News > Top 10 Overlooked Video Games
April 11, 2007
Great games deserve recognition - in one form or another. Unfortunately, sometimes excellent games are passed over, and never receive the play-time (or pay-roll) they deserve. Here is GameWad's list of the Top 10 overlooked video games:
10) The 7th Saga (SNES) - I've spent hours upon hours trying to figure out what other super-popular RPGs of the SNES era had that The 7th Saga didn't. What I've come up with time after time is that the 7th Saga has just as good graphics, sound, and gameplay as most of its contemporaries. It's no Final Fantasy 6, but compared to others, it is very solid. It has an extensive list of magic, weapons and armor, and also offers a nice alternative to purely random battles. With a choice of SEVEN different main characters, the 2-person party system allows for 42 possible party configurations, with resulting rivalries or friendships between the player's selections and the characters left unchosen. The game features over 60 locales and 30 boss battles, as well as a huge assortment of standard foes in a 50-60 hour quest. It may be a difficult journey, but in the end this game offers a great sense of fulfillment to complete.
9) River City Ransom (NES) - Simply awesome. Barely recognized. This game is a harmonious fusion of classic beat-em-up gameplay mechanics with RPG-like character progression. Made by Technos Japan, RCR has a similar style to the popular Double Dragon series, but shows improvement upon just about every aspect of the game. Rather than progressing from level to level, leaving the gamer with a sense of disconnectedness, RCR features a continuous world that can be explored back and forth at any time. Town areas are interspersed throughout the area between Cross-Town High and River City High, and serve as small havens for the gamer. There are no hostile gang members here and there are a variety of shops where one can buy assorted foods to increase stats, as well as books to learn new combat techniques. Overall, RCR is an incredibly enjoyable experience, especially in two-player mode.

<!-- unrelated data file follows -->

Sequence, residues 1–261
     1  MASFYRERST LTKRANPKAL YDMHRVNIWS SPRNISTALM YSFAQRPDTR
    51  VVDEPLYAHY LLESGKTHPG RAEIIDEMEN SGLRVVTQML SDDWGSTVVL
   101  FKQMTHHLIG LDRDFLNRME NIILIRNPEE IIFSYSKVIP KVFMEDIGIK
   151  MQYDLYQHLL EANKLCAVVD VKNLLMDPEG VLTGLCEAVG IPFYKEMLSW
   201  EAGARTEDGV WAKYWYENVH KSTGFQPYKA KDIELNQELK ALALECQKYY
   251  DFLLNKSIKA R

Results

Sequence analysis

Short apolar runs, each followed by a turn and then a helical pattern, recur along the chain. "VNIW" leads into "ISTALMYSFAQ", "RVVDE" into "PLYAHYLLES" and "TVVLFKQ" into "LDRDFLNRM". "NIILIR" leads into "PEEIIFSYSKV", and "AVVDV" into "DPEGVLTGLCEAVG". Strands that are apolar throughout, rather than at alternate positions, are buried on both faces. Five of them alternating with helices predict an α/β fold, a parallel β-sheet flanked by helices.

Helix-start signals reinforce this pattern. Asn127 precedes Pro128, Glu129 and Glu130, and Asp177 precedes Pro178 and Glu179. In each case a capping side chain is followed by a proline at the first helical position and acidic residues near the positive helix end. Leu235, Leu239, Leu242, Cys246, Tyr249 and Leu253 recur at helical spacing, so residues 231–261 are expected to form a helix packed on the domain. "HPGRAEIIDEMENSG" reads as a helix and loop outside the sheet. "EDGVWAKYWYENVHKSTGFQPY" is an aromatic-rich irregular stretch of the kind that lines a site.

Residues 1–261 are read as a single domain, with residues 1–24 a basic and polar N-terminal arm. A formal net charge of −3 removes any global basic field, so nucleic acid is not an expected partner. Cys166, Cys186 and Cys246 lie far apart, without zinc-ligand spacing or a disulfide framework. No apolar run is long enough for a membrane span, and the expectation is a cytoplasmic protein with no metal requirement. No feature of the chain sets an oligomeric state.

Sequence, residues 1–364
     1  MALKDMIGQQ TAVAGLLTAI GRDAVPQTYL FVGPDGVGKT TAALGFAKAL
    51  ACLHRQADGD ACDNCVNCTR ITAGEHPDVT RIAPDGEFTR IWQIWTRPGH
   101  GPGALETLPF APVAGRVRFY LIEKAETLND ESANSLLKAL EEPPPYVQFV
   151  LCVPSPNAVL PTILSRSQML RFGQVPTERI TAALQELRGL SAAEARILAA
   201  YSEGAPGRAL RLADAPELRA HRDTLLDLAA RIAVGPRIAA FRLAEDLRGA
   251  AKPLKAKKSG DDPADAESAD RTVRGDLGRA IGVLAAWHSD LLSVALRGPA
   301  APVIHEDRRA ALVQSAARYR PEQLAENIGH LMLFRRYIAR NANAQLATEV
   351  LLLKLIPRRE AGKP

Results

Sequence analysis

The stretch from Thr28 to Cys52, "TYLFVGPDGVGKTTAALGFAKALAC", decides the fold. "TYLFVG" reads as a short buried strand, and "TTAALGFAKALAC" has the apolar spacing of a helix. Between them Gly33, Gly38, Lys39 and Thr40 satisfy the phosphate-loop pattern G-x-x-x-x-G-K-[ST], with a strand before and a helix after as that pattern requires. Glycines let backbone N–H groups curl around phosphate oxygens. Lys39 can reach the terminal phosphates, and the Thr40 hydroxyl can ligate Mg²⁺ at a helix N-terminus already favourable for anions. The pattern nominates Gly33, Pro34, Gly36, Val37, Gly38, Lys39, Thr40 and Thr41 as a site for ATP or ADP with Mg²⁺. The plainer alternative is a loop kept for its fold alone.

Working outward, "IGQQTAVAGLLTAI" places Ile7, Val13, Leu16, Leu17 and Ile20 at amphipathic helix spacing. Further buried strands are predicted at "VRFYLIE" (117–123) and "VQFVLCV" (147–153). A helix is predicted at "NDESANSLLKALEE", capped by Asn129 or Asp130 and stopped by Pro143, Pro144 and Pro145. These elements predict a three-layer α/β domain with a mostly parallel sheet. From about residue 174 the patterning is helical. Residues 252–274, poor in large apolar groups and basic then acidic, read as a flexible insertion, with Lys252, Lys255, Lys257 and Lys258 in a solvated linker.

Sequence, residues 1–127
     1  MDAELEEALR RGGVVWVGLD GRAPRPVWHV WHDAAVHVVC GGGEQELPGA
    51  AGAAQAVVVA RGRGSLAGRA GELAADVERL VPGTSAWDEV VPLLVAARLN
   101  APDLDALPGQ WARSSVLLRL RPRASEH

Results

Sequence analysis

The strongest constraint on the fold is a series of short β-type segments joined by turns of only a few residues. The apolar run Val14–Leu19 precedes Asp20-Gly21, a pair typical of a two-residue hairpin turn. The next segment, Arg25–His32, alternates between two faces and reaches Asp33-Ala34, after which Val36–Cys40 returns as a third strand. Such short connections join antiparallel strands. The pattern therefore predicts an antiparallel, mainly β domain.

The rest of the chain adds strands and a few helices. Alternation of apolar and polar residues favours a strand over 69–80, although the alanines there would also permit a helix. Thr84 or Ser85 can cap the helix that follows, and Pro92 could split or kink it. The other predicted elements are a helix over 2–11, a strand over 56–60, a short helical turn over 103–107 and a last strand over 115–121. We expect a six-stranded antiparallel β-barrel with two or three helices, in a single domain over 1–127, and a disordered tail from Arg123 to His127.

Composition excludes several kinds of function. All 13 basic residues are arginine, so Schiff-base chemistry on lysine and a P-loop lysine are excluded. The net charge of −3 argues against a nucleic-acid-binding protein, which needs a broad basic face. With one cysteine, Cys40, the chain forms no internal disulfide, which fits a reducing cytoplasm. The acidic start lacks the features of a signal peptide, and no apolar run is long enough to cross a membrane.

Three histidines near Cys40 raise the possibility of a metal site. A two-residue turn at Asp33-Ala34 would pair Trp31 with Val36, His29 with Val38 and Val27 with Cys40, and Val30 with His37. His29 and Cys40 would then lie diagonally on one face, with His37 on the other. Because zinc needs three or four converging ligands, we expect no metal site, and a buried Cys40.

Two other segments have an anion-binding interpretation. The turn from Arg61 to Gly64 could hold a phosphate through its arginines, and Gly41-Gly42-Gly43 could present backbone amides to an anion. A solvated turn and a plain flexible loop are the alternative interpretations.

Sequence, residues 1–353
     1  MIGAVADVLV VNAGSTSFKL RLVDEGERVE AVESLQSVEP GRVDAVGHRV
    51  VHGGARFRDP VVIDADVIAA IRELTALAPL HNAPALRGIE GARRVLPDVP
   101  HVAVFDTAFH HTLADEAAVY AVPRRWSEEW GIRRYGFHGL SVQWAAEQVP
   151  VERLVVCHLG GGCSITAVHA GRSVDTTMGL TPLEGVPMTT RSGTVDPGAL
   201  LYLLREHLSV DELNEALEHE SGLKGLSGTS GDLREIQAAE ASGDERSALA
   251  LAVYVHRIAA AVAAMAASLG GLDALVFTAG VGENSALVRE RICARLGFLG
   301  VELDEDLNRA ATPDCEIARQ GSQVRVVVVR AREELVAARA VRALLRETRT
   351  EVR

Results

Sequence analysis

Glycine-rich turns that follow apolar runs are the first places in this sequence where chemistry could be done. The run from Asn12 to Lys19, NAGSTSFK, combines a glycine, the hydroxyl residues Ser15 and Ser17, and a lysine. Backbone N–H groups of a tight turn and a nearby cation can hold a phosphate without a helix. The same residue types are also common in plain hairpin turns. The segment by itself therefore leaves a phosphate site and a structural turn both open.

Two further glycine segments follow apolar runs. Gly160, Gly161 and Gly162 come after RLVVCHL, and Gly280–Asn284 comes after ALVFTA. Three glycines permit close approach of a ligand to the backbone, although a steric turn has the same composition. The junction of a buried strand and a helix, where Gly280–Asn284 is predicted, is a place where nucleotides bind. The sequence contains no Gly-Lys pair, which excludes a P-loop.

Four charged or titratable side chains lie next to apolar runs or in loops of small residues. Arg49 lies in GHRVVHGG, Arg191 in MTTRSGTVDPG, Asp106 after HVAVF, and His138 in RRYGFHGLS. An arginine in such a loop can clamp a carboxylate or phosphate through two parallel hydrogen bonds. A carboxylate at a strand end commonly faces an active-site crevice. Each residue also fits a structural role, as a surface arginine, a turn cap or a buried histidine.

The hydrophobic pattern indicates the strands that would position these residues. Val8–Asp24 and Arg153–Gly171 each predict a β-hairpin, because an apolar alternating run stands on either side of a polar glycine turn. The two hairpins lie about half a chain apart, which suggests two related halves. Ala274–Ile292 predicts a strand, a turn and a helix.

8) Space Station: Silicon Valley (N64) - Another offering from DMA Design, SS:SV toyed with vehicle commandeering way back in 1998, as well. Instead of cars, however, the means of transport is a menagerie of robotic animals on a lost space station. The operator is a small chip that crawls around like an insect and jumps into each new host, since it is unable to sustain itself in the outside environment. What makes these creatures special are their individual attributes and abilities, such as the hyena's contagious "laughter," the sheep's "floaty hop" or the penguins "snowballs." The game is undoubtedly quirky and cartoonish, but the creative puzzle-solving elements and unique level design are well-implemented to create an engaging assemblage of trials for the gamer to conquer. Yes, it's fun.